Don't avoid the opposing side of an argument. Instead, include the opposing side as a counterclaim. Find out what the other side is saying and respond to it within your own argument. This is important so that the audience is not swayed by weak, but unrefuted, arguments. Including counterclaims allows you to find common ground with more of your readers. It also makes you look more credible because you appear to be knowledgeable about the entirety of the debate rather than just being biased or uninformed. You may want to include several counterclaims to show that you have thoroughly researched the topic.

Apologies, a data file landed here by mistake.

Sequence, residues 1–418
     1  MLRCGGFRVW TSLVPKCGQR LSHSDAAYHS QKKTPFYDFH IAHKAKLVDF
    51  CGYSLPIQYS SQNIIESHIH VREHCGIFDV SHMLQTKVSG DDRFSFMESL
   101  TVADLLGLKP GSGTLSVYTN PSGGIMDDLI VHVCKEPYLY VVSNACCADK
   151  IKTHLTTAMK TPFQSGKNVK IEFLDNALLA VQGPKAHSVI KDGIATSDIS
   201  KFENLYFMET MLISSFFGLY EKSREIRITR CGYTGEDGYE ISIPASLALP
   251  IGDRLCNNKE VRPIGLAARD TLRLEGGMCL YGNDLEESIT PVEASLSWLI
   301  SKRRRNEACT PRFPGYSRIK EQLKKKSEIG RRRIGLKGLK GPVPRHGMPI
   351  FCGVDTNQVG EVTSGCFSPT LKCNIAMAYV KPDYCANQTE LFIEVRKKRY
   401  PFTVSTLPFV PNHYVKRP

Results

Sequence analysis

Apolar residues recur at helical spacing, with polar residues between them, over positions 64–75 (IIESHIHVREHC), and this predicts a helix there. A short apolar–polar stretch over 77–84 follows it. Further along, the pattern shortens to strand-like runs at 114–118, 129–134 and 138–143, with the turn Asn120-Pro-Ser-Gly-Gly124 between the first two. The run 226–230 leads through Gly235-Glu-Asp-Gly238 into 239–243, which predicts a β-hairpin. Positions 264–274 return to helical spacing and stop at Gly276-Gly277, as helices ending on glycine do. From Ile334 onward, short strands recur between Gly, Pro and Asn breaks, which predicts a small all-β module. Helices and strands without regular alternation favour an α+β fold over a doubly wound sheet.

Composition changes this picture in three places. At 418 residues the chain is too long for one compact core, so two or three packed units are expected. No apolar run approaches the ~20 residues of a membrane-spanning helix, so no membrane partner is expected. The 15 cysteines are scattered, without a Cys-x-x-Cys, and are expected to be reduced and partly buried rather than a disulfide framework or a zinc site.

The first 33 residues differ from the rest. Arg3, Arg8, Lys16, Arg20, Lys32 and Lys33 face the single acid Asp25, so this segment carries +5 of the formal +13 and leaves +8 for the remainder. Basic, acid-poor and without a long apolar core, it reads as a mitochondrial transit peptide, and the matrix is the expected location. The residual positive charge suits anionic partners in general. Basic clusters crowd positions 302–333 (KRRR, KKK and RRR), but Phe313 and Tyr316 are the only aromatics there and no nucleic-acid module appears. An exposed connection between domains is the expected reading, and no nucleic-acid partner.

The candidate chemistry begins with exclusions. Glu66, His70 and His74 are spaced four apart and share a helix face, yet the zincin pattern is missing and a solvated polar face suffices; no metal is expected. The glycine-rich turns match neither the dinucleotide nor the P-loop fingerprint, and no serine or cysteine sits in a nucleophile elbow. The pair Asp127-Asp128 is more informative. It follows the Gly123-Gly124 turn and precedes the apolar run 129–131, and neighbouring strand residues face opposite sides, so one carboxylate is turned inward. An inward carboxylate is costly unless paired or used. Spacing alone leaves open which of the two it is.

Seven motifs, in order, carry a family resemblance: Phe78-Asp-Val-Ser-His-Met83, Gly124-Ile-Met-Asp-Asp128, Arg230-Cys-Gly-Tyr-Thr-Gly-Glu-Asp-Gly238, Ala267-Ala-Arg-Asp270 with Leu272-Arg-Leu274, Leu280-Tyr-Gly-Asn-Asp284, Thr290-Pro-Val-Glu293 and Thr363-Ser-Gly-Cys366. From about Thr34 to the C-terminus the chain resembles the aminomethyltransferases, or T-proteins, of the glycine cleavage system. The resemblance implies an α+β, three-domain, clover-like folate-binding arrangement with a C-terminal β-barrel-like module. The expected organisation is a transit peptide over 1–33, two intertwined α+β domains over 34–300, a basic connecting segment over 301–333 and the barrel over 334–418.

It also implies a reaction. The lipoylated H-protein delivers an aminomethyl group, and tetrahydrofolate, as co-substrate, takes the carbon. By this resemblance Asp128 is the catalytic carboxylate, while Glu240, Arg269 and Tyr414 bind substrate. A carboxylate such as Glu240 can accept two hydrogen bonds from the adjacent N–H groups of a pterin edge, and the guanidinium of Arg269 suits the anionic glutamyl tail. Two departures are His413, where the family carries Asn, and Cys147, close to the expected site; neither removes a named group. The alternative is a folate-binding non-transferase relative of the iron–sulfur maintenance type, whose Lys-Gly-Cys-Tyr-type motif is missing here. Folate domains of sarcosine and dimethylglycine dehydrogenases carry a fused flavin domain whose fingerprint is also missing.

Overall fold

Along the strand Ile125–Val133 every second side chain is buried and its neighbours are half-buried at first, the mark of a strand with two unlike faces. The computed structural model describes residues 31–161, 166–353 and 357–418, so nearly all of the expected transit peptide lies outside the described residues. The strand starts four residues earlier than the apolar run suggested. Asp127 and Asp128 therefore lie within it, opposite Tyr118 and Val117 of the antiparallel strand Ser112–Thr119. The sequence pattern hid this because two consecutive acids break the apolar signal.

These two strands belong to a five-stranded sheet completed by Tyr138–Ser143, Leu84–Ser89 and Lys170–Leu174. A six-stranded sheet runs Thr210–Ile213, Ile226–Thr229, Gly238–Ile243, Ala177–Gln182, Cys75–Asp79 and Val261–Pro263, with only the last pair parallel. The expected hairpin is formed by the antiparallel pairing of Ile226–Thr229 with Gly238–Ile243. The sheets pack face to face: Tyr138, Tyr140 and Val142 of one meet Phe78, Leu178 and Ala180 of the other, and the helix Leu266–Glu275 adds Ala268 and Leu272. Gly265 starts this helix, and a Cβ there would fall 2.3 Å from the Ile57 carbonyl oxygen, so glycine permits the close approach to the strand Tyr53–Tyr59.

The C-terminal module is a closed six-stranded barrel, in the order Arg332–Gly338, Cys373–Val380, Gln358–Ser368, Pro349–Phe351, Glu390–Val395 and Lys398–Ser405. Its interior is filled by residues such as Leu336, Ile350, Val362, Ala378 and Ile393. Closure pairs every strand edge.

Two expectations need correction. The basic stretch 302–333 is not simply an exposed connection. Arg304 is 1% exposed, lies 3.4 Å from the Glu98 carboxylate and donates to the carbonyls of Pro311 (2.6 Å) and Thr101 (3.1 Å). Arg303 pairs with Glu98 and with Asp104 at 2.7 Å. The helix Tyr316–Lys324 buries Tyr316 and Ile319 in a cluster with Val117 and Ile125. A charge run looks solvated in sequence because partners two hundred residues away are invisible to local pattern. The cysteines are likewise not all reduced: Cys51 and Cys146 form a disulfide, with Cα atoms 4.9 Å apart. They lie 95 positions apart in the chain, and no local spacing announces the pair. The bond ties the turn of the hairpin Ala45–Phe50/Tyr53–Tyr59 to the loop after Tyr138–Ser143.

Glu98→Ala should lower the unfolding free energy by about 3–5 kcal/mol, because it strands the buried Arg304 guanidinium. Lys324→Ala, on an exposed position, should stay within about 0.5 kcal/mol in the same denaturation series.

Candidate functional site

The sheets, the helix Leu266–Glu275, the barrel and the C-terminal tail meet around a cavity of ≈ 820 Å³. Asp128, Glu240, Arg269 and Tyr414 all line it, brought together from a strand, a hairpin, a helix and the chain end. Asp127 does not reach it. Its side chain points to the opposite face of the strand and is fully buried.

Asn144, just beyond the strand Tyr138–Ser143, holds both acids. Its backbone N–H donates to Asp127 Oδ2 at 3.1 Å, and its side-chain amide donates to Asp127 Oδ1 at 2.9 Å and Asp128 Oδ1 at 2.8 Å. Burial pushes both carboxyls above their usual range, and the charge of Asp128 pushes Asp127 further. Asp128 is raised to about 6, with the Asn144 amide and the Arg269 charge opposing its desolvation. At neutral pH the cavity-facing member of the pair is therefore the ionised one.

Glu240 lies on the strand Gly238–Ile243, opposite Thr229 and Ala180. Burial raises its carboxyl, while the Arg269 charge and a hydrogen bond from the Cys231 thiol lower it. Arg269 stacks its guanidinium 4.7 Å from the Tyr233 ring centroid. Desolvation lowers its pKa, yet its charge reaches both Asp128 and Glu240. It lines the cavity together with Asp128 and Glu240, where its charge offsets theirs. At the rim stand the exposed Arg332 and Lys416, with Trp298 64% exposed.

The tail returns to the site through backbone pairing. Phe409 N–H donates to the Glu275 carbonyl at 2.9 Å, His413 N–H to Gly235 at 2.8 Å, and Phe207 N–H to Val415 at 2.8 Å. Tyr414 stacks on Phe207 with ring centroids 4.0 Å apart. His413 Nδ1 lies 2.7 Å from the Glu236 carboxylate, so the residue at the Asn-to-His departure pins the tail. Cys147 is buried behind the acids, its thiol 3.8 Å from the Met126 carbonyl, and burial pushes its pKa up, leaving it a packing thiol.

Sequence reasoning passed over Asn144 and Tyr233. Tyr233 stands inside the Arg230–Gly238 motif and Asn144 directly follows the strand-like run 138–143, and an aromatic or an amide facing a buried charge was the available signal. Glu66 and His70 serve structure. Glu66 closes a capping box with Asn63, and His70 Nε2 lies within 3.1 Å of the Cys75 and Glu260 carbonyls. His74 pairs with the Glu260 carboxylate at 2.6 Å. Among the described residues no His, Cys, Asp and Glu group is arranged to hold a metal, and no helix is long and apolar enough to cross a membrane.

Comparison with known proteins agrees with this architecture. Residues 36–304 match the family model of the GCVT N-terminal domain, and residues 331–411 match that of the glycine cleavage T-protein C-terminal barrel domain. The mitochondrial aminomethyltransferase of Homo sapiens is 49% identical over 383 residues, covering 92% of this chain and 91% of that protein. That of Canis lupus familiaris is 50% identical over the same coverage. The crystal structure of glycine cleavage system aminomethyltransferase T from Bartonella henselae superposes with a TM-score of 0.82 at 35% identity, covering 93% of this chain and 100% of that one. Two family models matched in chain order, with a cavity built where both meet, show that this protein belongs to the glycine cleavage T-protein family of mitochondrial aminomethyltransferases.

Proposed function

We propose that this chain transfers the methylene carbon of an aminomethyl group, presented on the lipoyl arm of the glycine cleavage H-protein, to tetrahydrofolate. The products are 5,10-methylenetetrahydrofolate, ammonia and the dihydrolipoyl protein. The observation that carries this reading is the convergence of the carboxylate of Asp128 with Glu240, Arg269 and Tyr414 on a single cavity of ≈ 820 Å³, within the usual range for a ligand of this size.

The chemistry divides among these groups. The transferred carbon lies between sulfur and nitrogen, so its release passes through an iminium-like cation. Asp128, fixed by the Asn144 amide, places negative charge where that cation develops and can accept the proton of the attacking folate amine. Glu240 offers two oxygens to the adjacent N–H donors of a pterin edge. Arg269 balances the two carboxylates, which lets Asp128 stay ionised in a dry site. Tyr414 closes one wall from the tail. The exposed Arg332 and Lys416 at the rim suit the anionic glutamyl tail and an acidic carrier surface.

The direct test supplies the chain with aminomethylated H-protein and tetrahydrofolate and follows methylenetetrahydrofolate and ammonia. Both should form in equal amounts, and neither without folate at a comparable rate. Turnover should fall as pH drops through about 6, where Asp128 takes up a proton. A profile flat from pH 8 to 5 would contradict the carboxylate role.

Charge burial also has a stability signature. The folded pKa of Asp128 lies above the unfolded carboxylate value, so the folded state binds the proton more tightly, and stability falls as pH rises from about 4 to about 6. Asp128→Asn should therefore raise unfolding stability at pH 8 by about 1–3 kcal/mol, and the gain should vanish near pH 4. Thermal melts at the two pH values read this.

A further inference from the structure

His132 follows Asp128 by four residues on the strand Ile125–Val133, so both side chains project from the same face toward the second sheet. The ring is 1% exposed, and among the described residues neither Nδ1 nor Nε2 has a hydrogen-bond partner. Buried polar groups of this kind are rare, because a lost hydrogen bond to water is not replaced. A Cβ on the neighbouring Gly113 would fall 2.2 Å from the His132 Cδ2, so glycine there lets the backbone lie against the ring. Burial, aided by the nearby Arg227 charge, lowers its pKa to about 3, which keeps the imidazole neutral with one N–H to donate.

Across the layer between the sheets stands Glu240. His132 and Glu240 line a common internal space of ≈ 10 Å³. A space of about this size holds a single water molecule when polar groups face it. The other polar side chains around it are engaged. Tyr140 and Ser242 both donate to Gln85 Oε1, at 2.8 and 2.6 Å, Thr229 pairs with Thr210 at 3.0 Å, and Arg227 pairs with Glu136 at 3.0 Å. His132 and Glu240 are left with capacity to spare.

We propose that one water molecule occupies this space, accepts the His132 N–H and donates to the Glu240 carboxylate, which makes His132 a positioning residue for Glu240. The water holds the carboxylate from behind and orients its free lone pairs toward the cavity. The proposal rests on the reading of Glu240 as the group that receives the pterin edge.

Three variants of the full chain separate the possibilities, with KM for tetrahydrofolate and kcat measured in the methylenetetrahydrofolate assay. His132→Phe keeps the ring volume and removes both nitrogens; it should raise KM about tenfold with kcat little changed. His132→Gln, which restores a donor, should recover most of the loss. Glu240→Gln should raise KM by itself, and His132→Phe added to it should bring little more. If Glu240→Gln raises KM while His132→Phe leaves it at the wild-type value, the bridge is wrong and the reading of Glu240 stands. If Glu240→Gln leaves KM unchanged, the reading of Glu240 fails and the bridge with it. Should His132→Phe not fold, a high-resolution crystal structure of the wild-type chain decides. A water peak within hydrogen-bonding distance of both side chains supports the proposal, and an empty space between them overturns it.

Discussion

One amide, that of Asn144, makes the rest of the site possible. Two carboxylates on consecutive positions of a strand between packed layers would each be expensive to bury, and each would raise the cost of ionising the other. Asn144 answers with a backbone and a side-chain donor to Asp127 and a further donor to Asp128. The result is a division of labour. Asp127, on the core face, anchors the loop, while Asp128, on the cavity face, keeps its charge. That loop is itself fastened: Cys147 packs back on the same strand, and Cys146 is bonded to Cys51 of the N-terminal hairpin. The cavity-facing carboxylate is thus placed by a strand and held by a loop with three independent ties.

Claim: Hybrid cars are an effective strategy to fight pollution.

Data1: Driving a private car is a typical citizen's most air polluting activity.

Warrant 1: Because cars are the largest source of private, as opposed to industry produced, air pollution, switching to hybrid cars should have an impact on fighting pollution.

Data 2: Each vehicle produced is going to stay on the road for roughly 12 to 15 years.

Warrant 2: Cars generally have a long lifespan, meaning that a decision to switch to a hybrid car will make a long-term impact on pollution levels.

Data 3: Hybrid cars combine a gasoline engine with a battery-powered electric motor.

Warrant 3: This combination of technologies means that less pollution is produced. According to "the hybrid engine of the Prius, made by Toyota, produces 90 percent fewer harmful emissions than a comparable gasoline engine."